Less than eight hours before a Thursday afternoon swearing-in ceremony, and less than two days before the official inauguration, Scott Steve, Cortland’s first Republican mayor in nearly 40 years, already has a packed schedule of “hot potatoes.”
“This is my list of hot potatoes. There are 24 items here of issues that I have facing me,” Steve said, pointing to the list in front of him that includes a plan to buy and renovate the former Parker School for a child-care facility, creating zoning to allow for marijuana sales, following up on a $10 million Downtown Revitalization Initiative, reconfiguring code offices and reassessing property values.
Despite this, being Cortland’s first Republican mayor since 1984, he felt “humbled and honored to have the opportunity.
Steve owns Scott Steve Builders, which provides business development, consulting and other services. He also serves as a commissioner on the city Zoning Board of Appeals and served on the Cortland County Legislature from 2002 to 2005, including two years as its chairman.
Alderperson Thomas J. Michales (R-8th Ward) knew Steve 18 years ago when Steve was a county legislator. “He is an experienced individual. You may also like his transparency and joining communication with both parties,” Michales said. “He is the one who always crosses the party line to do what’s right.
Early in his campaign, Steve spoke of the importance of transparency and accountability.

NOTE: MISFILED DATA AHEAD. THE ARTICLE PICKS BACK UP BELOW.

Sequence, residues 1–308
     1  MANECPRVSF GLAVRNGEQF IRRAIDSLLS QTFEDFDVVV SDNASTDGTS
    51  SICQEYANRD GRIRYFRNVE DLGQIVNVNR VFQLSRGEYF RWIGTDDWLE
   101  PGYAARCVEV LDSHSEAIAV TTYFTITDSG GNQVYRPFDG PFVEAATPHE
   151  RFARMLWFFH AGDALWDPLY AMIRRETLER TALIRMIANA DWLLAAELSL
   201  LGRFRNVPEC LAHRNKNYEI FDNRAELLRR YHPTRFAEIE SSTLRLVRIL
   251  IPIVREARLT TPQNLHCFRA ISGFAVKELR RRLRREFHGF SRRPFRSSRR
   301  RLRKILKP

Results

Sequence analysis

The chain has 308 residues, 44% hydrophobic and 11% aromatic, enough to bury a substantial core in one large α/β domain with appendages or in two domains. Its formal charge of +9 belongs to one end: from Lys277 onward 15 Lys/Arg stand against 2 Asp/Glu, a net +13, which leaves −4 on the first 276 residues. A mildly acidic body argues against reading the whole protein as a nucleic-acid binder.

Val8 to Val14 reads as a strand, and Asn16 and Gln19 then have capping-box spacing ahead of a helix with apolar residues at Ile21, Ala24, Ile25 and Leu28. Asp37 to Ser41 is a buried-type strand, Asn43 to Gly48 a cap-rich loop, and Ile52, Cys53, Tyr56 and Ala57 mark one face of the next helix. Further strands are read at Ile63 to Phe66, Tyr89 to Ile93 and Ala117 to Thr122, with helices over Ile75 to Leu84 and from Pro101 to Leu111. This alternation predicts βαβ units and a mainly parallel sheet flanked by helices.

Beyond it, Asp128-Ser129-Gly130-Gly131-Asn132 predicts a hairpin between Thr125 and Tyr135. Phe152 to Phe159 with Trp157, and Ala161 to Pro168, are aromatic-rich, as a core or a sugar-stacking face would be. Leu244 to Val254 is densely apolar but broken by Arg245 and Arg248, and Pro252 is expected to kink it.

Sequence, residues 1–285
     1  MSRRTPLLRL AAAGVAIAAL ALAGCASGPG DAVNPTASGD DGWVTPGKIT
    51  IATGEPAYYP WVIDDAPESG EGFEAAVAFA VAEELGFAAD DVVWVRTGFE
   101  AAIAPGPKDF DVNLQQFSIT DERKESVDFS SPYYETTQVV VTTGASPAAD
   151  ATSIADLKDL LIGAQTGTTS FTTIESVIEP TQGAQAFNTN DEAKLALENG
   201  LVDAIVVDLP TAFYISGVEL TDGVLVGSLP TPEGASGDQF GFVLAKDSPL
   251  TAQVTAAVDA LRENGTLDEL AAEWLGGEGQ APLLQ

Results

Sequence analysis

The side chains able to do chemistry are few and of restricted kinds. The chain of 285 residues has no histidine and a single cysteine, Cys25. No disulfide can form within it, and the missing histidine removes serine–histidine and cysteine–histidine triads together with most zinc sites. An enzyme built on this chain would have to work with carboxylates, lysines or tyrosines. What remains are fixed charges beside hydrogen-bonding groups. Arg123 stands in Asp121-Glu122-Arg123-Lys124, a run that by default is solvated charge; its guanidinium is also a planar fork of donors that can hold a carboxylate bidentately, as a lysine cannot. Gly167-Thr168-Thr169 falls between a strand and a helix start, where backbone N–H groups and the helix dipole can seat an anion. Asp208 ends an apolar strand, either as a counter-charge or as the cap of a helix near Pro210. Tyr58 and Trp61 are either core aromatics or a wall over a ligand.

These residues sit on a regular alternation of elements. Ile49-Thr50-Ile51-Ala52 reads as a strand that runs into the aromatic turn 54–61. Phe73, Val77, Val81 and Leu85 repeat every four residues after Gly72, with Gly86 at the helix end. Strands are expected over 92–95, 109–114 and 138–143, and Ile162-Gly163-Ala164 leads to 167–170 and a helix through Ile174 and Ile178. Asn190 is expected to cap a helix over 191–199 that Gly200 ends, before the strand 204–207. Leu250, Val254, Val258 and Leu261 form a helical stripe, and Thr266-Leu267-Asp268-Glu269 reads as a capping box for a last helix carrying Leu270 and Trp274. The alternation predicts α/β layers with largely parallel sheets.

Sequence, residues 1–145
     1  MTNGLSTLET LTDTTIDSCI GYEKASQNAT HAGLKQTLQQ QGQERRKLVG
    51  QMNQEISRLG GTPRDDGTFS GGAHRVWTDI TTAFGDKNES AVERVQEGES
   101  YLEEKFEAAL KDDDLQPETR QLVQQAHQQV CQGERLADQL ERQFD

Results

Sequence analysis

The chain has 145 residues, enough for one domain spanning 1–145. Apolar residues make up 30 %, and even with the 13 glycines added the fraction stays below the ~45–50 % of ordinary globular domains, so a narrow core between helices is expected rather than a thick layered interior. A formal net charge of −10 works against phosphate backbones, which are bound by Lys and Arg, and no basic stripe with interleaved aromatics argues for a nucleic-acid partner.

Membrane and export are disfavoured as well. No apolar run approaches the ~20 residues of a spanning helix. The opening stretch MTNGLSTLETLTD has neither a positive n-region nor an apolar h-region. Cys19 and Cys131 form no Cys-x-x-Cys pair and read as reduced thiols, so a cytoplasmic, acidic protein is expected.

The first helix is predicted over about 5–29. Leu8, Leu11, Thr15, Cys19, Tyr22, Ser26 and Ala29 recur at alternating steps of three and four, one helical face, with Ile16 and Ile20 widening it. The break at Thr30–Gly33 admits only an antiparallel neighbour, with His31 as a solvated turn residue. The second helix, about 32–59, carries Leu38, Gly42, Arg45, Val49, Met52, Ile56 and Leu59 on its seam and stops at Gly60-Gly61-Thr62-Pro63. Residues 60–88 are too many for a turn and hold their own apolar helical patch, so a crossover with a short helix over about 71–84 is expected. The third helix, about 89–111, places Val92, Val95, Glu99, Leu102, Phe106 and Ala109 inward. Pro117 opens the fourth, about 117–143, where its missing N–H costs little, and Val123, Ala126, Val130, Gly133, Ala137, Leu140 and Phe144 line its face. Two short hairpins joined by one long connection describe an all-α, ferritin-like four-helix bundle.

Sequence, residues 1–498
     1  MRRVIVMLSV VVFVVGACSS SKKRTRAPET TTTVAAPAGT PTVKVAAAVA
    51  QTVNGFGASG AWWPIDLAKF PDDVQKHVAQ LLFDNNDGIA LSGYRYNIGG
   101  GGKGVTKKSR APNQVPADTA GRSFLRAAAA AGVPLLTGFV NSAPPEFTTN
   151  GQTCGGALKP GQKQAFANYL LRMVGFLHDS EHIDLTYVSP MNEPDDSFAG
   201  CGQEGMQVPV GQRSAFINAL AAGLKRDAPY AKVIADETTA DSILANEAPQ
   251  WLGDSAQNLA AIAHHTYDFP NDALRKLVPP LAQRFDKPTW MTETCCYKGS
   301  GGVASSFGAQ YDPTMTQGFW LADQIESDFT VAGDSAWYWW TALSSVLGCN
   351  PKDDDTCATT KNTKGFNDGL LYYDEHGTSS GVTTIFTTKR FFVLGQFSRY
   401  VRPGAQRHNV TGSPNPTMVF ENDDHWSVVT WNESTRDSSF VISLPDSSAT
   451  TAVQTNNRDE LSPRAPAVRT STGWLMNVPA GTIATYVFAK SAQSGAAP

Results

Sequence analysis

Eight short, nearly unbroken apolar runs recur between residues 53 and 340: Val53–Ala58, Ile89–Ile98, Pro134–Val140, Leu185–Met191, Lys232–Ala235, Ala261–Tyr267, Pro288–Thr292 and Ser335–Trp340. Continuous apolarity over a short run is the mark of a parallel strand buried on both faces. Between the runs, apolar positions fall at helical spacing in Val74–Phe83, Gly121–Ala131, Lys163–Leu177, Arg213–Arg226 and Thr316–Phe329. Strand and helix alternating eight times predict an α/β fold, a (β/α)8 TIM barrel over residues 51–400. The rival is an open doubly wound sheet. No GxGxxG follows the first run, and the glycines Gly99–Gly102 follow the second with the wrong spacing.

He plans to increase the city government’s transparency by releasing a monthly financial report, and by having fewer closed-door sessions.
“The most important part is for the common council to have fiduciary responsibilities over their accounts and over our funds. So we know exactly what we are trying to spend,” Steve said.
“I think transparency is important, so that people can see exactly where we are, if there are problems or if things are going well,” he said. “So everybody can do part of the solution. If people understand what the problems are in the community, different ideas may come out with solutions.”
He’s sensitive to increasing revenue and reducing spending. “We have to come up with creative ways to make things work without costing more money. We cannot just rely on the grant resources all the time,” he said. “I mean, it’s great to have them, but we need to come up with a system in place that can maintain our infrastructure without increasing taxes without relying on the grants.”
Steve took a city-funded high school resource officer as an example. “Right now we have a full-time officer. We can hire a retired officer to cover that on a part-time basis, and save the city’s taxpayers a third of what the cost is now,” he said.
The same thought applies to a desk officer at the police department, he said. “We don’t need them. Let’s get them out on the streets. Let’s fix the scheduling.”
Outgoing Mayor Brian Tobin’s administration has featured a number of improvements at city parks, but Steve said he wants a bit more — perhaps a dog park.
“I want Cortland more of a home instead of a destination,” he said.